On Tuesday we looked at the potential first-round players from the offensive side of the ball. Today we will look at the defense.
Coaches and scouts tell me that as many as 8–10 defensive linemen could be drafted in this year’s first round. It is clearly the strongest position in the early part of the draft. Unlike other drafts, a number of the defensive linemen can play multiple positions and should have no problem playing in either a 4-3 or 3-4 front. While at the combine, the defensive linemen group looked more athletic than they have in years. The two players that lead the pack are Nick Fairley of Auburn and Marcell Dareus of Alabama. Fairley is the first defensive lineman I have seen in years that has the talent to play anywhere along the defensive front in any scheme. He is very strong, powerful and athletic. To go along with that he is a top pass rusher from both inside and out and those guys are extremely hard to find. Dareus can play end in a 3-4 or tackle in a 4-3. While he isn’t the pass rusher Fairley is he has pass rush traits and is a great run defender.
Next in the group is true junior Da’Quan Bowers of Clemson. Like Fairley he can play multiple positions. He will be a 21-year-old rookie with a high ceiling. He still hasn’t totally matured from a physical standpoint and has a lot of untapped talent. Robert Quinn, another underclassman, is one of the best pure defensive ends. If he had played this past season he might be in the same class as Dareus and Fairley. He also had some concerning medical issues in his past, so I’m sure the doctors gave him a very close look. J.J. Watt from Wisconsin is player who should be able to play multiple positions and be a good player in both a 4-3 and 3-4 scheme. The star of the Senior Bowl practices was Cam Jordan of Cal. He followed that up with a strong combine. He is another player who has the talent to play more than one position and can play in just about any scheme. Missouri underclassman Aldon Smith is a natural pass rusher who needs to improve his run defense. He is another young player who hasn’t quite matured physically and will get bigger and stronger.
Two big inside players will get long looks as potential first-round players. They are Phil Taylor of Baylor and Muhammad Wilkerson of Temple. Taylor is very explosive with a quick first step and Wilkerson has top athleticism for such a big man to go along with 35” arms. The other defensive linemen I’m hearing that could go in the first are Ryan Kerrigan of Purdue and Adrian Clayborn of Iowa. Kerrigan, at 6-3 and 267 pounds, is not a real big guy and may only fit some defenses as a defensive end but he showed at the combine that he has the speed, hips and overall body control to play on his feet and be an outside linebacker in a 3-4. That will increase his value. I felt Clayborn would run a little better than he did (4.81) but he is still a natural pass rusher and those players get drafted high.
ICONFormer Texas A&M LB Von Miller is a potential top-five pick.
The top player at the linebacker position and a probable top 5 pick is Von Miller of Texas A&M. Miller has great size and speed to go along with elite natural pass rush skills. Both 3-4 and 4-3 teams have him rated high. After Miller, I’m told that only two other linebackers have a probable chance of getting drafted in the first round. They are Justin Houston from Georgia and Akeem Ayers of UCLA. Houston has very good athleticism for such a big guy. He weighed in at 270 yet still ran in the mid 4.6’s. He’s an ideal inside linebacker or Mike backer depending on the scheme. As I have said in earlier posts, the combine is more critical to underclassmen than seniors because clubs don’t have any previous verified measurables on the underclassmen. From a speed standpoint, Ayers had a disappointing combine running only 4.86. He looked athletic but the explosiveness wasn’t there. He will have a chance to redeem himself and run better at his pro day in late March. The player who surprised at the combine with his speed is Martez Wilson of Illinois. He ran a sub-4.5 40 at 250 pounds and showed some explosiveness but he doesn’t play to that speed on tape and has some tightness in his hips.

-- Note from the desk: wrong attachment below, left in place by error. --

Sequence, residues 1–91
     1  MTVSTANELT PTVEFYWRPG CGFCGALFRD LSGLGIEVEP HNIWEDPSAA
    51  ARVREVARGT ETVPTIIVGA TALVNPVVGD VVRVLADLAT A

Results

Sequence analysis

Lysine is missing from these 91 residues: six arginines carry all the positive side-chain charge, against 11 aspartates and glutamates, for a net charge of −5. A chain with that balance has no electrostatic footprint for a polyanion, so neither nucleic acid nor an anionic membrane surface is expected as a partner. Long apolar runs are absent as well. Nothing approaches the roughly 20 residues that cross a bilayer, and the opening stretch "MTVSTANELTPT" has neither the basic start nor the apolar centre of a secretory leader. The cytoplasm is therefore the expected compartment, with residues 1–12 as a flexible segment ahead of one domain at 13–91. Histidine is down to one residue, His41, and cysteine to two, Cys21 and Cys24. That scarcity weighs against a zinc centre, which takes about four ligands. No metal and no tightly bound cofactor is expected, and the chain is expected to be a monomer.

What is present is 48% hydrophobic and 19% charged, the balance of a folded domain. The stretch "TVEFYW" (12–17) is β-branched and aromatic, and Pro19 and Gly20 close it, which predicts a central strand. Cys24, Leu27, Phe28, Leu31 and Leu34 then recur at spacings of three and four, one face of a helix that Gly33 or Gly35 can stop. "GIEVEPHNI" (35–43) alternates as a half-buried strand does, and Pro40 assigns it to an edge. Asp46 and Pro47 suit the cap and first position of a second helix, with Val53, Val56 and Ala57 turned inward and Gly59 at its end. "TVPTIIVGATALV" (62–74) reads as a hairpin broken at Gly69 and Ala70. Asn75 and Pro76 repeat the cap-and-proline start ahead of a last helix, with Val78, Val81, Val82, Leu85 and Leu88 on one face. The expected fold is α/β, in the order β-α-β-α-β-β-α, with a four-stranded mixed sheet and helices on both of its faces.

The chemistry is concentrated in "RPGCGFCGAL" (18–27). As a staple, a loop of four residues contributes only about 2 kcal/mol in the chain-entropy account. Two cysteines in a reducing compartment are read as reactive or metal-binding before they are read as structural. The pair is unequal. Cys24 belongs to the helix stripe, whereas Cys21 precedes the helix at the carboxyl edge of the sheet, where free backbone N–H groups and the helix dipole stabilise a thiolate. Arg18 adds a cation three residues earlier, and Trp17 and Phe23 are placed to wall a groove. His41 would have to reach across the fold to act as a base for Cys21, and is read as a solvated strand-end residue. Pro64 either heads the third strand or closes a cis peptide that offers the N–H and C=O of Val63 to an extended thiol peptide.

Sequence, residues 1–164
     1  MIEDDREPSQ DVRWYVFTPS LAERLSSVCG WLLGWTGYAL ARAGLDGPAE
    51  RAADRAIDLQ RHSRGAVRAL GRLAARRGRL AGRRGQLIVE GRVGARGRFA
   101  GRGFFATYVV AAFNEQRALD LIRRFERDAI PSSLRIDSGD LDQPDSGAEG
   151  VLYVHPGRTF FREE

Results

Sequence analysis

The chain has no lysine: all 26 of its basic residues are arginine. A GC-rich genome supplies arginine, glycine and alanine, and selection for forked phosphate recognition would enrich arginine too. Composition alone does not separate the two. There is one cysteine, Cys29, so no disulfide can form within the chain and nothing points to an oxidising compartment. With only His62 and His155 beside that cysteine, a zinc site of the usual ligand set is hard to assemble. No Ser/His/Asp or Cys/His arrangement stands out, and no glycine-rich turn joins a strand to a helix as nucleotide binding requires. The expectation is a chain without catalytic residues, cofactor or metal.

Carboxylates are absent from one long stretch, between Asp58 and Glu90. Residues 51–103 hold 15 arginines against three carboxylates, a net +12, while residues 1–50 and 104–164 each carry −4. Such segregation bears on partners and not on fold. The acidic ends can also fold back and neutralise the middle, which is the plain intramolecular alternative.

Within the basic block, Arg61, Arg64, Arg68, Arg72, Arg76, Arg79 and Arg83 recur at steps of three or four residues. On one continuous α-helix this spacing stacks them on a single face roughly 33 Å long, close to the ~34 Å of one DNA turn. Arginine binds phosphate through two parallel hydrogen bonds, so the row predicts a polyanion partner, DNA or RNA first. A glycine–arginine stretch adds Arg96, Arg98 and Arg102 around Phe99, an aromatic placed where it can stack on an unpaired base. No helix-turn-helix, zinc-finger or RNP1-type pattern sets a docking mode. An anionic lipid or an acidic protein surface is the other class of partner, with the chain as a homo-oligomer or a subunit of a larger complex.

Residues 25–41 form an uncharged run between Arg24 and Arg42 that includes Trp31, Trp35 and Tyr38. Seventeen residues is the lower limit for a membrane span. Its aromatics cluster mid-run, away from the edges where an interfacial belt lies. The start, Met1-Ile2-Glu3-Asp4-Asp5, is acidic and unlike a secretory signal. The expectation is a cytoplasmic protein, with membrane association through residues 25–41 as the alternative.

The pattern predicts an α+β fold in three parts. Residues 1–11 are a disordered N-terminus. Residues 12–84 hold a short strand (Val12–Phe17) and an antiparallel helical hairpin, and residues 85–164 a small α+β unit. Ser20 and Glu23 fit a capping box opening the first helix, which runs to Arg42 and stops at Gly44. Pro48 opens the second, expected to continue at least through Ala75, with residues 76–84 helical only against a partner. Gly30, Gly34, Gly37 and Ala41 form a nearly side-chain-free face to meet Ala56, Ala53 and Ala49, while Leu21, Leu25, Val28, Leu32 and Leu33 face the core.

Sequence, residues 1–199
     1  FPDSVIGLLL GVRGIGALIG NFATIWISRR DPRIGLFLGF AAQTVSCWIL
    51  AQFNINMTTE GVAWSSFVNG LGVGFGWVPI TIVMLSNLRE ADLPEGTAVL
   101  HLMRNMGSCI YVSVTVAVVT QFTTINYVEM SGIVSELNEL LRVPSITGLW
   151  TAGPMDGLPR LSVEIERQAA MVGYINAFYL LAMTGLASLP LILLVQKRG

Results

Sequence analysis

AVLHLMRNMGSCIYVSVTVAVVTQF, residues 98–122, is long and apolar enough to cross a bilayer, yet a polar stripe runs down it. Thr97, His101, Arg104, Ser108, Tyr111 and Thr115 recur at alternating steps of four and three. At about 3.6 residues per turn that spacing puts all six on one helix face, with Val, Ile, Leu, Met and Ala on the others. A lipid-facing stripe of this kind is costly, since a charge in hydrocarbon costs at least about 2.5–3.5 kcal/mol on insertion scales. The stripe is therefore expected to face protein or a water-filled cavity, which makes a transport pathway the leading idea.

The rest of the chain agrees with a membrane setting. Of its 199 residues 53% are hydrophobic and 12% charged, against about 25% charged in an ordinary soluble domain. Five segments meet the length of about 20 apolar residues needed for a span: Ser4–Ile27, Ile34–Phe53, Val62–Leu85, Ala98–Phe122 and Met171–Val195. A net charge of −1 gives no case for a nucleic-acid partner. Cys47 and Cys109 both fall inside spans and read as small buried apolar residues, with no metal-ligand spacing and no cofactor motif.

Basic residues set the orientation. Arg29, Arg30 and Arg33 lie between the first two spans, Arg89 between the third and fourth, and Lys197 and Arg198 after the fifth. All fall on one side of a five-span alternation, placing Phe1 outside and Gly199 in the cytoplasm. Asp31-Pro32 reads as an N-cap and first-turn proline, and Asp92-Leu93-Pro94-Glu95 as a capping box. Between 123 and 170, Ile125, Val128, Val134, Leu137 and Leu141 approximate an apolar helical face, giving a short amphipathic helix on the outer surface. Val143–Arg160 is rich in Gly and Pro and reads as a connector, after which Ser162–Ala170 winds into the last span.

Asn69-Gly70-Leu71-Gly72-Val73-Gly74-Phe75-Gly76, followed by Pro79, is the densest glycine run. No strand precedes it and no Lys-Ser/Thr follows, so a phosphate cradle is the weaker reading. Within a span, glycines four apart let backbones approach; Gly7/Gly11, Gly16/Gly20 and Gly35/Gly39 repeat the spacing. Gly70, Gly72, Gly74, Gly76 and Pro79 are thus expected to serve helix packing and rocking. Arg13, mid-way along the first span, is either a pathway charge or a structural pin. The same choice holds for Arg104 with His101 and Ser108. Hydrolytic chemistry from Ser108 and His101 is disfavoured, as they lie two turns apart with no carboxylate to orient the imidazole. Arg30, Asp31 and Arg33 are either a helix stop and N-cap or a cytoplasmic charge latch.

This year is a normal year for corners, but the safety class is below average as compared to previous years. If April’s draft follows others, 12-15 corners will be drafted in the first three rounds. Like always, if you want a corner, you better draft him early.
The first corner off the board should be Patrick Peterson of LSU. He has a rare combination of size and speed (6-0, 219, 4.35) to go along with top return skills. The next corner on many teams’ boards is Prince Amukamara of Nebraska, who is also a size/speed player measuring 6-0 and 206 and running in the mid 4.4’s. He has strong press coverage skills. Brandon Harris of Miami lacks ideal size (5-9 and 191) and didn’t run as expected (4.53) but like Ayers in the linebacker group he will have a chance to run again at the Miami pro day. He has shown consistent cover skills throughout his career. Jimmy Smith of Colorado has the size, speed and coverage skills most teams look for in a corner but he has had some character flaws. While most teams agree he is a first-round talent, some clubs have him off their board because of character issues. It will be interesting to see how high he gets drafted.
APR 15 Jerry Angelo
A strategy session for draft day as well as my top-five players in this year’s rookie class.
APR 14 Jeff Fedotin
Oakland has whiffed on its first-round picks.
APR 12 Joel Corry
Jacksonville’s pursuit of center Alex Mack came up just short after a valiant effort.
APR 08 Jerry Angelo
There are multiple ways the NCAA can improve upon its current blueprint. Here are some suggestions.